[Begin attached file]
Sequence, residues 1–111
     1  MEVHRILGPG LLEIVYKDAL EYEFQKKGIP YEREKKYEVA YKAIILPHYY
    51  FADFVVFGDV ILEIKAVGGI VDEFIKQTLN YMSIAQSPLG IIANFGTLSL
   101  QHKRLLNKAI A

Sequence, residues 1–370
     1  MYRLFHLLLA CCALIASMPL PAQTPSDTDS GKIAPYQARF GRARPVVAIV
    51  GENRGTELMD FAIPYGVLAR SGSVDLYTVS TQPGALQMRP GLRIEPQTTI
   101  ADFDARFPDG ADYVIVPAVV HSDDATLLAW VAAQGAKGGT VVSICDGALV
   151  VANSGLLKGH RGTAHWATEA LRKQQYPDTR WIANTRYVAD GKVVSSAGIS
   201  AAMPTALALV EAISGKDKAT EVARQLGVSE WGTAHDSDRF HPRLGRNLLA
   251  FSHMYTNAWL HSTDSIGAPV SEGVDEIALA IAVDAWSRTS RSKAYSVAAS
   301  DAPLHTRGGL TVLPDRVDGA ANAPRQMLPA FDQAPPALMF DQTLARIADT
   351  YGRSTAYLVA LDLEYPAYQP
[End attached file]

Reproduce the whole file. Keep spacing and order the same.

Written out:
Sequence, residues 1–111
     1  MEVHRILGPG LLEIVYKDAL EYEFQKKGIP YEREKKYEVA YKAIILPHYY
    51  FADFVVFGDV ILEIKAVGGI VDEFIKQTLN YMSIAQSPLG IIANFGTLSL
   101  QHKRLLNKAI A

Sequence, residues 1–370
     1  MYRLFHLLLA CCALIASMPL PAQTPSDTDS GKIAPYQARF GRARPVVAIV
    51  GENRGTELMD FAIPYGVLAR SGSVDLYTVS TQPGALQMRP GLRIEPQTTI
   101  ADFDARFPDG ADYVIVPAVV HSDDATLLAW VAAQGAKGGT VVSICDGALV
   151  VANSGLLKGH RGTAHWATEA LRKQQYPDTR WIANTRYVAD GKVVSSAGIS
   201  AAMPTALALV EAISGKDKAT EVARQLGVSE WGTAHDSDRF HPRLGRNLLA
   251  FSHMYTNAWL HSTDSIGAPV SEGVDEIALA IAVDAWSRTS RSKAYSVAAS
   301  DAPLHTRGGL TVLPDRVDGA ANAPRQMLPA FDQAPPALMF DQTLARIADT
   351  YGRSTAYLVA LDLEYPAYQP